Victorian railway bridges that were due to be filled in with concrete in an act previously decried as “cultural vandalism” will be repurposed as part of a scheme to encourage walking and cycling, the UK transport secretary has announced.

The government is halting the demolition of historic train lines in the hope that they can be remodelled as routes which encourage greener means of travel.

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The Guardian

Jul 30 2021
Van Gogh, mazes and a chilling elephant: Friday’s best photos

The Guardian’s picture editors select highlights from around the world

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The Guardian

Jul 30 2021
Stuffed Tokyo super-rats and Isaac Julien’s abolition hero – the week in art

A vibrant survey of the Olympic capital in art and a 10-screen video devoted to anti-slavery campaigner Frederick Douglass – all in your weekly dispatch

Tokyo: Art and Photography
Exciting and eye-opening survey of one of the world’s great art cities, from 17th-century paintings of courtesans and samurai to a stuffed specimen of today’s urban super-rats.
Ashmolean Museum, Oxford, 29 July to 3 January.

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The Guardian

Jul 30 2021
Hemingway ‘wannabes’ celebrate author with lookalike contest

Fans in Nobel prizewinner’s favourite haunt of Key West hold their 40th competition on his birthday

Ernest Hemingway is survived as much by his macho mythology as he is by his writing. Hemingway was in two plane crashes in two days. Hemingway shot himself in both legs while wrangling a shark. Hemingway had at least nine major concussions – and four wives. He had brain damage. He won the Pulitzer and the Nobel prize. He hunted and fished and wrote plays and books and articles and stories, for ever in pursuit of the truest sentence. He was rageful, charming, violent, brilliant and drunk.

Hemingway is also something of a Key West mascot, especially for a week every July, when a festival called Hemingway Days, which coincides with his birthday (this year, he would be 122) honours his legacy by gathering his lookalikes together.

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The Guardian

Jul 29 2021
‘A long-form pilgrimage’: Coventry hosts 24-hour interfaith celebration

The RSC and City of Culture’s free events include promenade performances and an installation by Tower of London poppy artist

In a celebration of one of the most religiously diverse cities in the UK, Coventry is to host 24 hours of art, theatre, music, food and debate aimed at exploring belief and promoting the connections between faiths.

The Royal Shakespeare Company and Coventry City of Culture have teamed up to produce Faith, a series of free live events in September, including four promenade performances and an art installation by the creator of the 2014 Tower of London poppy memorial.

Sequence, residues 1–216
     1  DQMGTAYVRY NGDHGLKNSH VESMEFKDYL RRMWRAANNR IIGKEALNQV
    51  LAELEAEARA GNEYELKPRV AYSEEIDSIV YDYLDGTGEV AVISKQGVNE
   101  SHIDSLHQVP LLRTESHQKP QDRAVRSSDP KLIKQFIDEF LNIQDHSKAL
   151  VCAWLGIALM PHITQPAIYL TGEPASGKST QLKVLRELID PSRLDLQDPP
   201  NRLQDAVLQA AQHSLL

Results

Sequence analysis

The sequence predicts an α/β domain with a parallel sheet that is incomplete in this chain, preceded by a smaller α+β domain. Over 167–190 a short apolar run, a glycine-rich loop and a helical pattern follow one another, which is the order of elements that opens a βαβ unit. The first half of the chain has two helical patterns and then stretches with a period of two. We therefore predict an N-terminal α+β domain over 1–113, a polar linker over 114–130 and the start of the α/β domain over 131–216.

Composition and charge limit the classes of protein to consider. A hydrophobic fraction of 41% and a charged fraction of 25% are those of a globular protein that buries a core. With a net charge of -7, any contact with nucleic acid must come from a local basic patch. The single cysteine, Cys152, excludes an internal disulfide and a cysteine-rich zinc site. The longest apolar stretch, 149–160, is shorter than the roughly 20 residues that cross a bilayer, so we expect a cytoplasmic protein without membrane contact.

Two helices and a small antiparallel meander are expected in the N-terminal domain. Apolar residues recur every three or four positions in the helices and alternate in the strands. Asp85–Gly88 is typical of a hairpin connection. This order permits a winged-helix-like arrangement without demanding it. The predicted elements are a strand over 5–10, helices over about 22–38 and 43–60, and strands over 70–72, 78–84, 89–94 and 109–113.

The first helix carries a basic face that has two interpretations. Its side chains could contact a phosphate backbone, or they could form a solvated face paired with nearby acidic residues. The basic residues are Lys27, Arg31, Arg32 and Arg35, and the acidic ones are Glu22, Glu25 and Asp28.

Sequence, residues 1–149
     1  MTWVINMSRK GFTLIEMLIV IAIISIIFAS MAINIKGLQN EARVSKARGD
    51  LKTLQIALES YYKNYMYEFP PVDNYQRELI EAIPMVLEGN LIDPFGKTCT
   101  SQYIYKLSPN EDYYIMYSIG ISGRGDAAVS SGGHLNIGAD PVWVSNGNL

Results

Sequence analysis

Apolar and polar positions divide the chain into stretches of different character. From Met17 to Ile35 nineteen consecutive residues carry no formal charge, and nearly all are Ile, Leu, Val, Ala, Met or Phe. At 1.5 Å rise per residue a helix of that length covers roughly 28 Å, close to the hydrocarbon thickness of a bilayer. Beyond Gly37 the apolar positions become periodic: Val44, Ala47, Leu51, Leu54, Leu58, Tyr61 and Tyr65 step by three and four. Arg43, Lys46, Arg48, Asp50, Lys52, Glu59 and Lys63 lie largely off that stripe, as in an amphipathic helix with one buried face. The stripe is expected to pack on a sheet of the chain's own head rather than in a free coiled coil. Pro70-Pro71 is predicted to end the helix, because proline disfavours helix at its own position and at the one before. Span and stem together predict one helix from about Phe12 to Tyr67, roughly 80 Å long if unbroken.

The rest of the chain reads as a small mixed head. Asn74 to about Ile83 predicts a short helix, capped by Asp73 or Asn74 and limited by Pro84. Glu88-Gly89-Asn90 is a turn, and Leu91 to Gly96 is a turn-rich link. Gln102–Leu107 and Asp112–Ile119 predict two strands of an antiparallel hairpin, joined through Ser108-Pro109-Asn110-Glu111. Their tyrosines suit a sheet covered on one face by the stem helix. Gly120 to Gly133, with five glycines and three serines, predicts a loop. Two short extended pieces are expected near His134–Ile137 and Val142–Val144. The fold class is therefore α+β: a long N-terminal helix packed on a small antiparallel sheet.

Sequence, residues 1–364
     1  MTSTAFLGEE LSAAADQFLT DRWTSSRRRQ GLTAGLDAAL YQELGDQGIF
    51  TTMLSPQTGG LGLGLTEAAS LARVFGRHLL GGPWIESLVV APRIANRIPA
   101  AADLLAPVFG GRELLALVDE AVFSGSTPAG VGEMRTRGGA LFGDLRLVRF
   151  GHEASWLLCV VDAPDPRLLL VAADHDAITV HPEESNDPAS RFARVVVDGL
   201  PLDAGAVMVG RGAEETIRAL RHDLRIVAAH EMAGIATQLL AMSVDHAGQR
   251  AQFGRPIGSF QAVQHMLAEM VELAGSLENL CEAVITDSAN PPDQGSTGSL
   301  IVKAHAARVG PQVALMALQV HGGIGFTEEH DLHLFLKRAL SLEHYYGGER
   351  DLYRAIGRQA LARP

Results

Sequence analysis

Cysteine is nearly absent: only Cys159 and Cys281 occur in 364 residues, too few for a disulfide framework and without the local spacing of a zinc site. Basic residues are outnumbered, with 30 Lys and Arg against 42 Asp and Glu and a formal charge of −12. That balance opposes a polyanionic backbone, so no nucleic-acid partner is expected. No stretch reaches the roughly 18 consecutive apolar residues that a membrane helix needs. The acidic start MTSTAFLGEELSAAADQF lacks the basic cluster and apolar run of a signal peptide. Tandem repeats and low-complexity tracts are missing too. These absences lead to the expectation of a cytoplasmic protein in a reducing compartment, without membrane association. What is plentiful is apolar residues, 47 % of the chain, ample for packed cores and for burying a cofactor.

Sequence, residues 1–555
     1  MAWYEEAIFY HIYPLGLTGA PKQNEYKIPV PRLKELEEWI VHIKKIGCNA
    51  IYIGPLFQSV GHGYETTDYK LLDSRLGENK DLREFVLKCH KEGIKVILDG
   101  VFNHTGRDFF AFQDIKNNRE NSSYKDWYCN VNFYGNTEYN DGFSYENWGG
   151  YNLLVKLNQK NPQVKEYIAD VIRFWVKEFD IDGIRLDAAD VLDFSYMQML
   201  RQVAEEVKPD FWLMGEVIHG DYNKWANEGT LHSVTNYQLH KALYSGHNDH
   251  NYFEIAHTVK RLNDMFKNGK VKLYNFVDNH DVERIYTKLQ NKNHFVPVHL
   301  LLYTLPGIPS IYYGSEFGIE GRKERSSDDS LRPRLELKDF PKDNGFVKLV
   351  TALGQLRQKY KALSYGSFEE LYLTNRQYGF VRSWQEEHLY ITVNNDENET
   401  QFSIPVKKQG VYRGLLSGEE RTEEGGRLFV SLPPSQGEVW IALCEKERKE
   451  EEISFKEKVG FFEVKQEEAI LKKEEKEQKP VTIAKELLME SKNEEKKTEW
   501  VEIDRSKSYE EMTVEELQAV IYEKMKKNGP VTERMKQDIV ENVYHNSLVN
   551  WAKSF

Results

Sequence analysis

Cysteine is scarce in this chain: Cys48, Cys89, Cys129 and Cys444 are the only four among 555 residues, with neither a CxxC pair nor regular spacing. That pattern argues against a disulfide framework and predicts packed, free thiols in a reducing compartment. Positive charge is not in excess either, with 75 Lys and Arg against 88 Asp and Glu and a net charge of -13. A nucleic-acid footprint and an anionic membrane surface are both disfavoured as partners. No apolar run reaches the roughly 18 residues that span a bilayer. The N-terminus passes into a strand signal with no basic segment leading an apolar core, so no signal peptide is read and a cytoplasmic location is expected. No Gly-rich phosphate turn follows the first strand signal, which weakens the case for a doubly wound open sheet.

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The Guardian

Jul 29 2021
A portrait of black lives in Suffolk – in pictures

Black Suffolk is a series of portraits by photographer John Ferguson of people from Suffolk’s African-Caribbean community. The pictures will be on display in an outdoor exhibition in central Ipswich from 30 July and throughout August. Ferguson said: ‘I have produced a new collection of portraits which explore the concept of home for a diversity of people in the African-Caribbean community in Suffolk. This theme creatively expresses people’s experience and interpretation of what exactly is home. Home can be a feeling, a physical space or a geographical place. Home can be a memory, metaphor or experience. The idea is to connect with the notion that our lives are inextricably attached to where we live, our homes, and Suffolk.’

Black Suffolk is part of the six-month-long Aspire Black Suffolk cultural programme, promoted by Head East

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The New York Times

Jul 29 2021
5 Things to Do This Weekend
5 Things to Do This Weekend
Our critics and writers have selected noteworthy cultural events to experience virtually and in person in New York City.
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The New York Times

Jul 29 2021
George Rhoads, Designer of Fantastical ‘Ball Machines,’ Dies at 95
In his ingeniously conceived sculptures, balls seem to travel randomly and trigger various sounds. “Each pathway that the ball takes,” he said, “is a different drama.”
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The Guardian

Jul 29 2021
Australia’s 2021 National Photographic Portrait prize winner and finalists – in pictures

Sydney photographer Joel B Pratley’s photo of a lone farmer immersed in a dust storm in drought-stricken Australia has won the 2021 National Photographic Portrait prize. Titled Drought Story, the image shows David Kalisch captured amid a sudden dust storm on his 1,000-acre farm in Forbes, New South Wales. Pratley said his subject’s stance reflects the resilience of a man pushed to the limits by an unforgiving climate: ‘David’s composure during the storm was surreal, because he is just so used to it. For me, it was like being on Mars.’

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The New York Times

Jul 29 2021
Murals at a San Francisco School Should Stay for Now, Judge Says
Murals at a San Francisco School Should Stay for Now, Judge Says
In response to a lawsuit, a judge says an environmental review must take place before any action is taken to remove or hide the Depression-era murals that some consider offensive.
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The New York Times

Jul 29 2021
Douglas Chrismas, Gallery Owner, Arrested on Embezzlement Charge
Douglas Chrismas, Gallery Owner, Arrested on Embezzlement Charge